Types Of Varnishes

Lesson 27 : Painting, Varnishing, Distempering And White-Washing

Types Of Varnishes

Varnishes may be divided into the following four categories, depending upon the type of solvent used:

Oil varnishes

These varnishes use linseed oil as solvent in which hard resins such as amber and copal are dissolved by heating. These varnishes dry slowly, but form hard and durable surface. Sometimes, small quantity of turpentine is added to make the varnish more workable. Oil varnishes are recommended for all external wood work, and for joinery and fittings.

Spirit varnishes or lacquers

These varnishes are methylated spirit of wine as solvent in which soft resins such as lac or shellac are dissolved. They dry quickly, but are not durable. French polish is a variety of this type varnish. It is commonly used on furniture.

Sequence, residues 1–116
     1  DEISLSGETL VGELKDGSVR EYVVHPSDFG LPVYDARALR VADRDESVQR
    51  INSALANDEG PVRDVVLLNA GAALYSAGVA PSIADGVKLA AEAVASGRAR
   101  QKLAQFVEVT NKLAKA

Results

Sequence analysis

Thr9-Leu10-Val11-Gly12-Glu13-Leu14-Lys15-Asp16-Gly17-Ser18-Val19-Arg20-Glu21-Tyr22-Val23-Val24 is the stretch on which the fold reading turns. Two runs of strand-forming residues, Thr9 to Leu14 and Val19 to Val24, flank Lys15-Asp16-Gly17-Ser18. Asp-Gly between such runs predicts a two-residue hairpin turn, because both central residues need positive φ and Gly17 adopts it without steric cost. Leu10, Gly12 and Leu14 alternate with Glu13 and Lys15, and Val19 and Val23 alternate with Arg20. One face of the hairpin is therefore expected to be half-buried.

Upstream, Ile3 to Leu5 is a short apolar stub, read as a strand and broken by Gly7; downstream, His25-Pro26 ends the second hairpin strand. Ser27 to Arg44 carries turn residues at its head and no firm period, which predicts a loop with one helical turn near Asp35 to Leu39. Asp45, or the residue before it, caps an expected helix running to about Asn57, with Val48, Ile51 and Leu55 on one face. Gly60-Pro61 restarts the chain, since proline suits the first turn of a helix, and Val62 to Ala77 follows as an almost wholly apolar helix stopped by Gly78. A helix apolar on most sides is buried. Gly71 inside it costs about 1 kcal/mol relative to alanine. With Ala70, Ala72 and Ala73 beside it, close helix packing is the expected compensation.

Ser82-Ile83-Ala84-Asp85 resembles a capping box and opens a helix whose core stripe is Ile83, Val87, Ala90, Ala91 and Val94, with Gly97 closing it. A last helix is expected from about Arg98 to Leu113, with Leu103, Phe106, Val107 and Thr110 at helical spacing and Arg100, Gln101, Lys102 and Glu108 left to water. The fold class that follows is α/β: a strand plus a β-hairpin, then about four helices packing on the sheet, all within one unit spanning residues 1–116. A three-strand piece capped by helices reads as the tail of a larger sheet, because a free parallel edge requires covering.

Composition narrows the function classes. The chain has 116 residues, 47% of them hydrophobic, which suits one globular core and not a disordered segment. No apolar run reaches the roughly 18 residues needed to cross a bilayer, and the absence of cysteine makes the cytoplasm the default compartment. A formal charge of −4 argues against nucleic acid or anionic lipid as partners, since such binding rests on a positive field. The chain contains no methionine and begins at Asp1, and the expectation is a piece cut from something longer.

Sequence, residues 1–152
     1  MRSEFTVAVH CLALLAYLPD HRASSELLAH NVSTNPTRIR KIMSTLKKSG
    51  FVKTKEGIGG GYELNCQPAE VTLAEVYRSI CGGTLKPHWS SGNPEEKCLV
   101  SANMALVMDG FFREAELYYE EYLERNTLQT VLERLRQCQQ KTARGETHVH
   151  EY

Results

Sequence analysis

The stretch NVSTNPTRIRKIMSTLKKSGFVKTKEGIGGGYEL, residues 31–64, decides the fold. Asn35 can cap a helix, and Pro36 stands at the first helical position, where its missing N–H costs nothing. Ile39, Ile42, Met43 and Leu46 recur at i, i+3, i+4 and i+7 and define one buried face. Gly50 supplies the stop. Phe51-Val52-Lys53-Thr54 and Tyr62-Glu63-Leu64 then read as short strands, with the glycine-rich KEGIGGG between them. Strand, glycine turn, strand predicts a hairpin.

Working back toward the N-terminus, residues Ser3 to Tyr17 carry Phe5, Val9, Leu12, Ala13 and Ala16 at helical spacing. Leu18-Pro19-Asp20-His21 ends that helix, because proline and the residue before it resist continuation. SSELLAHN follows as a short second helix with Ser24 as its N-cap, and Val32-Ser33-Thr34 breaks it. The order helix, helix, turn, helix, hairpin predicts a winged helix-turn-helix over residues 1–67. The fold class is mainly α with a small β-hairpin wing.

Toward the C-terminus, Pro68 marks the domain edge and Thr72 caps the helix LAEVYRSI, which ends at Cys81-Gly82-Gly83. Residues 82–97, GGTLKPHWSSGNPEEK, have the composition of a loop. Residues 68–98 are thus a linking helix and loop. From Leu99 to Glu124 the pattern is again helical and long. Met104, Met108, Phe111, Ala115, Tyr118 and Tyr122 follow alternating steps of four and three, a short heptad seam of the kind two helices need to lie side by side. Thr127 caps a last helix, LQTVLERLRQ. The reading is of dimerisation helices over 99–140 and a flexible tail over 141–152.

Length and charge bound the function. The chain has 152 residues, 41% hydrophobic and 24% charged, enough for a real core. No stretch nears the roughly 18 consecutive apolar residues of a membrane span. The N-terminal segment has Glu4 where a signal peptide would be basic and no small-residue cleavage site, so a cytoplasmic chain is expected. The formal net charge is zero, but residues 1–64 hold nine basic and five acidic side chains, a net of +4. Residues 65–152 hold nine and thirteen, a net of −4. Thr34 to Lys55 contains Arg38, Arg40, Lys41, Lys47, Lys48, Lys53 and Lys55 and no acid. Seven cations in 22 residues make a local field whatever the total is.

Turpentine varnishes

These varnishes use turpentine as solvent in which soft resins such as gum dammer, mastic and rosin are dissolved. The varnish dries quickly, but is not so durable. These are cheaper than oil varnishes.

Water varnishes

These varnishes are formed by dissolving shellac in hot water, using enough quantity of ammonia, borax, potash or soda. Water varnishes are used for varnishing wall papers, maps pictures, book jackets, etc.

Last modified: Monday, 2 July 2012, 10:00 AM